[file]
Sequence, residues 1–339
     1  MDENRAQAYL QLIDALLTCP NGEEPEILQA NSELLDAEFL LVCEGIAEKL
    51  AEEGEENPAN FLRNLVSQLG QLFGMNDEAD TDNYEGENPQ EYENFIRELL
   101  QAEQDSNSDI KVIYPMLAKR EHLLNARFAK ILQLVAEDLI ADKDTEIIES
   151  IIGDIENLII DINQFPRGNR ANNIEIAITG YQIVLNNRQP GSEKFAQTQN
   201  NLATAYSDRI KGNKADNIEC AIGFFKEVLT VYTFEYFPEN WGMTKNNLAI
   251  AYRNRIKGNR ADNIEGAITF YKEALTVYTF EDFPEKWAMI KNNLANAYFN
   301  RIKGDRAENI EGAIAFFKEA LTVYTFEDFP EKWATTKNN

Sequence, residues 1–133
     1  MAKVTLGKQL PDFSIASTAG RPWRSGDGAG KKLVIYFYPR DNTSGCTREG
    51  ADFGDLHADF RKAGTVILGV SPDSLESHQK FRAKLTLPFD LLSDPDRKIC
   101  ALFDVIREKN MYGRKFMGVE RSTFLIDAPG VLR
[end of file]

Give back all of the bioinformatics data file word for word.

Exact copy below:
Sequence, residues 1–339
     1  MDENRAQAYL QLIDALLTCP NGEEPEILQA NSELLDAEFL LVCEGIAEKL
    51  AEEGEENPAN FLRNLVSQLG QLFGMNDEAD TDNYEGENPQ EYENFIRELL
   101  QAEQDSNSDI KVIYPMLAKR EHLLNARFAK ILQLVAEDLI ADKDTEIIES
   151  IIGDIENLII DINQFPRGNR ANNIEIAITG YQIVLNNRQP GSEKFAQTQN
   201  NLATAYSDRI KGNKADNIEC AIGFFKEVLT VYTFEYFPEN WGMTKNNLAI
   251  AYRNRIKGNR ADNIEGAITF YKEALTVYTF EDFPEKWAMI KNNLANAYFN
   301  RIKGDRAENI EGAIAFFKEA LTVYTFEDFP EKWATTKNN

Sequence, residues 1–133
     1  MAKVTLGKQL PDFSIASTAG RPWRSGDGAG KKLVIYFYPR DNTSGCTREG
    51  ADFGDLHADF RKAGTVILGV SPDSLESHQK FRAKLTLPFD LLSDPDRKIC
   101  ALFDVIREKN MYGRKFMGVE RSTFLIDAPG VLR